The gross effect of the operation of section 49(1) and (2) of the criminal procedure act no.51 of 1977, as amended, on the basic human rights of individuals
Dikgale, Hardley Bunongoe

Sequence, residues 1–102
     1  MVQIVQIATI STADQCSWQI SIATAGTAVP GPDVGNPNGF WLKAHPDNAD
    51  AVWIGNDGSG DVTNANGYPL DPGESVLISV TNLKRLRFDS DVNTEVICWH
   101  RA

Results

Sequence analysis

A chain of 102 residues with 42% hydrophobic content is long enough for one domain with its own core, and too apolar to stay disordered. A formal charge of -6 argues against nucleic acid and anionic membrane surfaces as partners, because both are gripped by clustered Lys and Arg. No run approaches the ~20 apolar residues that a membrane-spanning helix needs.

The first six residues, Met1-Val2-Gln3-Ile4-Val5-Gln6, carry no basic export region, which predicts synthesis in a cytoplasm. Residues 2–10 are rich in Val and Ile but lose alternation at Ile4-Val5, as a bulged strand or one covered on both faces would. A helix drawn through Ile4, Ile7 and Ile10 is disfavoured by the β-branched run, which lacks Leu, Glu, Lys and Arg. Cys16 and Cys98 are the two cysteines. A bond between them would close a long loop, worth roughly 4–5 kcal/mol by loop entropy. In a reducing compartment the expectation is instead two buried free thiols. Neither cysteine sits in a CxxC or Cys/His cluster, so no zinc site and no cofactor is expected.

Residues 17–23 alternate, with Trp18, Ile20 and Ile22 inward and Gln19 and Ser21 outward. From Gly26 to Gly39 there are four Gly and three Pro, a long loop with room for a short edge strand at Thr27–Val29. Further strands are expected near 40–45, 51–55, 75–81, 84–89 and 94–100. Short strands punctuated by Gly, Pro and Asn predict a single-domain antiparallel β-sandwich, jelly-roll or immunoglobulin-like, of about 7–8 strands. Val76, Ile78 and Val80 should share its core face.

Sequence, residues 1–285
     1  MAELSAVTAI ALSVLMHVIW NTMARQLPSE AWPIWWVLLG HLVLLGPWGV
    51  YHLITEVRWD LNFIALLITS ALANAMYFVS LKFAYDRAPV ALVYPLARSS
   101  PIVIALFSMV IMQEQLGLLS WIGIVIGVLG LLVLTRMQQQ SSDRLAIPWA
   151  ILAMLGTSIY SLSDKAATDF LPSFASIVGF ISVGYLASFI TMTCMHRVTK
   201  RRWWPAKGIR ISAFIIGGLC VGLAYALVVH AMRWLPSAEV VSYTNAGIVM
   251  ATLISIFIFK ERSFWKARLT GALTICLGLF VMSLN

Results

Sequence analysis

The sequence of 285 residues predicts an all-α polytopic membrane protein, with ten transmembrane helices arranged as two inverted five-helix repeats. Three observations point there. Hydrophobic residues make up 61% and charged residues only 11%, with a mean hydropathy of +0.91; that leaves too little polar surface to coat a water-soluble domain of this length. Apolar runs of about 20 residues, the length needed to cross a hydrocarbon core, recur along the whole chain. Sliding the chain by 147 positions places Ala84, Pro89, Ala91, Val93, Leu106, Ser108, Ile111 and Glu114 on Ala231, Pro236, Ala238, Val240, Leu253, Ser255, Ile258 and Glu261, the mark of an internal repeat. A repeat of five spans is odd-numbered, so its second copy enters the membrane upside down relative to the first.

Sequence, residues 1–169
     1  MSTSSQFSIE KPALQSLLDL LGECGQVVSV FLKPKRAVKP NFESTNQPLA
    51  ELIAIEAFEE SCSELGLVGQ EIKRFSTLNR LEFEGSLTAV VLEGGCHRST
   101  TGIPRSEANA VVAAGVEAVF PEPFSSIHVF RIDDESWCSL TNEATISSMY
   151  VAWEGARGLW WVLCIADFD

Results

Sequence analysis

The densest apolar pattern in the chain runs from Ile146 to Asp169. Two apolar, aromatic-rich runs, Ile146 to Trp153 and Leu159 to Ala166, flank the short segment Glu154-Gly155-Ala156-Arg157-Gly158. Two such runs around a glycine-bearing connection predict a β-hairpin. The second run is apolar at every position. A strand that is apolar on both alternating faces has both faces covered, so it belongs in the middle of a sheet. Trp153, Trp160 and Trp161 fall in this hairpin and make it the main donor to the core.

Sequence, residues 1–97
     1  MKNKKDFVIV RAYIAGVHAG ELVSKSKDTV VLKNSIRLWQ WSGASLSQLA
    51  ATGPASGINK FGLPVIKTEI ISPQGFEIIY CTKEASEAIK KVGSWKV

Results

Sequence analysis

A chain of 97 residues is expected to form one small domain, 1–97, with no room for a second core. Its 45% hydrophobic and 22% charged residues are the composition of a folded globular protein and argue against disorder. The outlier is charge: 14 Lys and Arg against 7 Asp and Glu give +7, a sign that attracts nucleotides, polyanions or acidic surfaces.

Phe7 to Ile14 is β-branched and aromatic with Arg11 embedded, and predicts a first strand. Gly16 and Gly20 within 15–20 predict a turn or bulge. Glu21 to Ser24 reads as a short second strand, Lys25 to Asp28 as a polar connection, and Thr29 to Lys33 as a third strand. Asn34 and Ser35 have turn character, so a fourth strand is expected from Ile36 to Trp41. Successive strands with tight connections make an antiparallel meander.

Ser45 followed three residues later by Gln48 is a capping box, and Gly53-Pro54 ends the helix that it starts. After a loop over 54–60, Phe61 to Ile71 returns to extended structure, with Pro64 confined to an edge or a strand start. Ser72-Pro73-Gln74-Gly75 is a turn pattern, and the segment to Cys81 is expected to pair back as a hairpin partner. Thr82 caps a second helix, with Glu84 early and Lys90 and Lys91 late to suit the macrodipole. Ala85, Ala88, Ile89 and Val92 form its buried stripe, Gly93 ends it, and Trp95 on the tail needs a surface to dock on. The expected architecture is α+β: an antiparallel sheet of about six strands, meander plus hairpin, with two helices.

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This study seeks to explore the origins of the South African rule of law which authorises the use of deadly force in the course of effecting or completing lawful arrests and to consider the scope of this privilege in the modern Jaw as well as its impact on the basic human rights of individuals. Since this dissertation involves a comparative approach, the comparative history of the provisions of Section 49 in this and other countries is surveyed briefly in Chapter One. This chapter is also intended to deal briefly with the provisions of Chapter Three, especially Section 7, 9, 33 and 35, of the Constitution of the Republic of South Africa Act 200 of 1993, as amended. Chapter Two offers an exposition of the use of deadly force by the Security Forces in other jurisdictions, namely the United States of America and the United Kingdom. Chapter Three begins with an evaluation of the dilemmas of police deadly force and proceeds to deal with statistical data depicting the deaths and injuries due to police action as well as settled and pending court proceedings involving the police. Chapter Four offers a catalogue of recommendations for reform of the legislation. Finally Chapter Five will be my conclusion, where I will refer back to the topic to see if the problem has been adequately addressed.